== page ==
There is one golden rule I follow with old watches, well actually there are two. First is the basic stuff; look at the watch closely under a magnifying glass, because the marks and scratches often tell a story of woe and neglect. How does it wind, cleanly, or like stirring a bag of rusty nails with an egg whisk? Even if the watch is running apparently perfectly, it probably has several problems lurking inside its case, so quiz the owner carefully about work that’s been done.
The second is more controversial; don’t be a slave to fashion, because guys trying to outdo each other on bragging rights down the pub with an `iconic’ watch often don’t really know much about the watches they own. You can apply the same rule to classic anything in fact; cars, guitars, motorbikes, Lambrettas etc.
Take for example the recent rapid rise in Tissot Seastar Visodate models from the 60s/70s. Once you could only get about £200 retail for a gold case one, as many enthusiasts thought they were `workhorse’ models, and poor relations to an extent within the Omega empire. A recent search online revealed people asking £300-£350 for the same watch…not they are guaranteed to get it of course.
In fact the Cal 784-2 Visodate is no better or worse than a similar era vintage Omega Geneve, Rotary, Vertex Revue, Bulova, Oriosa, Uno or a hundred and one other Swiss brands from that `golden age’ of Swiss watchmaking, before the Japanese kicked their ass with cheap quartz models. Another important thing to remember is that any watch that may have been used for half a century, could be physically wearing out, even if the dial and hands look nice.
We recently serviced a Tissot Visodate and a good thing too, as the owner insists on using it as an everyday watch. He places it by a radio and his smartphone at night, exposing it to magnetic fields, it’s also worn inside a modern car – again alive with magnetic fields, as that’s how the ECU sends/receives data to all parts of the car’s electrical system, monitors the brakes, lights, steering, fuel injection etc.
Bear in mind the Visodate, or a nice Omega Constellation, is a watch designed in an era when a radio or TV was perhaps the greatest source of magnetism that the owner could expose the timepiece too – unless he lived under an electricity pylon. So if you use a vintage Swiss watch, then expect the demands of modern life to take their toll on it, as well as the general wear and tear that anything 50 years old suffers from.
So long story short, the Visodate ran perfectly again, but the owner knocked the watch, and then brought it back saying it was gaining lots of time. Indeed it was, and we figured out the problem; The fault lay in the hairspring, which had moved from its perfect position where two tiny pins, that are actuated by the regulator, sort of clasp the spring. Having moved from its correct position, the coil had `jumped’ closer to its centre, off one pin. The coils were now touching, the beat was all over the shop, and the result was a gain of an hour a day. Now the solution was to remove the spring and delicately attempt to uncoil it, to a more concentric shape, then carefully re-fit the regulator and balance assembly. The ideal alternative would have been a complete new balance assembly; spring, wheel, staff, cap jewel etc – but it’s 50 years old, so where can you get new Tissot Cal 784 parts off the shelf?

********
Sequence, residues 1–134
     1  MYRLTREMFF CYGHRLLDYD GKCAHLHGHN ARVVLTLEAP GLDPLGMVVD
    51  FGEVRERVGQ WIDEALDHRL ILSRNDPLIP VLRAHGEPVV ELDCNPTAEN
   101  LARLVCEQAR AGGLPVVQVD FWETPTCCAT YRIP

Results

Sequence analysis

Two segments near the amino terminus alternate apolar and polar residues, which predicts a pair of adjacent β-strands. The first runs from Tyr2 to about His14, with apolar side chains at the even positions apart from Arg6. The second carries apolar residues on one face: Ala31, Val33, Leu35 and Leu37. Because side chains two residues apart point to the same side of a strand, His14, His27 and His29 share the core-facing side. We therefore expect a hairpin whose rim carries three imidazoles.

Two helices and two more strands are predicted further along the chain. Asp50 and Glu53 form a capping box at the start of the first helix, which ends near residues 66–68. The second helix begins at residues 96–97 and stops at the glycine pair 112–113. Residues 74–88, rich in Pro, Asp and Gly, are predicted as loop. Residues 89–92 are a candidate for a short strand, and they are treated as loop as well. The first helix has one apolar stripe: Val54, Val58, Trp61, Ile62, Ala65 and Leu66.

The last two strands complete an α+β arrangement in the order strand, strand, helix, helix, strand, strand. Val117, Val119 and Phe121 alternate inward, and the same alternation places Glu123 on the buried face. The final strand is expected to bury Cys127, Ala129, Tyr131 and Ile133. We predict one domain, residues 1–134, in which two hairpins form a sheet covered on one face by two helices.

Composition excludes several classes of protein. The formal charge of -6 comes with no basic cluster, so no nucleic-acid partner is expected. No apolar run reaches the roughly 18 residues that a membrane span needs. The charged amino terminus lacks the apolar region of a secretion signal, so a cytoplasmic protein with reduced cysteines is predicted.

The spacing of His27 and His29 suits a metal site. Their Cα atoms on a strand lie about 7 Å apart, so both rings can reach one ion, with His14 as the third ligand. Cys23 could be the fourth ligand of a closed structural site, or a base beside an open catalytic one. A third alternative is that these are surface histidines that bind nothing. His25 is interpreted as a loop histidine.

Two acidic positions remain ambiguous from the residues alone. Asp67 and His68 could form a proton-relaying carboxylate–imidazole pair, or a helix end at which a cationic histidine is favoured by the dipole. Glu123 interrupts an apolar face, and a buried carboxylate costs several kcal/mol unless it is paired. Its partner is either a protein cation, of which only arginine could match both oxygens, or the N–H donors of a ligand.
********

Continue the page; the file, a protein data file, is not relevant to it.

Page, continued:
You cannot. The answer is you end up using other old examples that appear to be running well and have been serviced, but buying another runner, just for parts, then paying a watchmaker to fit everything means spending more than the nominal £300 value of the watch.
This is what I mean about fashion trumping real value in classic watches. These are NOT everyday timekeepers, in the same way classic cars are not everyday motorway commuters. Only a fool would drive a 1960s Austin 1100 to work everyday, because it would go wrong, almost every week in winter. Then it would rust away, fail its MoT and off to the scrapyard – why do that? Use your Austin car, Triumph Tiger Cub or Tissot Visodate sparingly, save it for best, cherish its potentially finite lifespan.
If you find a nice example of an old Rotary, Longines, Hudson, Montine, Seiko, Citizen, Accurist, or heck – even a basic Timex – then enjoy looking at it far more than you enjoy winding it fully and checking its accuracy against your mobile phone. Have it serviced once every 5 years if you really love it, but don’t kid yourself that it’s some gold plated investment on par with an ex-Steve McQueen Heuer.
Most of us aren’t ever going to be collecting at that level, so accept that mainstream Swiss, US, British, German and Japanese mechanicals/automatics are decent old watches that were mass-produced, in their thousands, not hand-crafted by trained artisans wearing half-moon spectacles and calico aprons, slaving away in some fabled House of Horology.
Here’s a fact for you; I have a £20 Timex automatic in the shop that is more accurate, and runs for three hours longer on a full wind than that 9ct gold Visodate. Classic watches are, to an extent a lucky dip, because you don’t know the half a century of history that lies behind the face of that vintage watch. So buy assuming that you’ll have to spend money one day getting it fixed, because you will – it’s only a question of when. If you decide to walk away and throw the watch in a drawer then you’ve lost £20-£50 on a Timex, a Buler, Seiko 5, Ricoh, Citizen or many other cooking models, not the hundreds that a fashionable model like a Tissot or Omega will cost you.
That’s the true value of watch collecting; the fun-per-pound factor, not playing a game of oneupmanship down the club.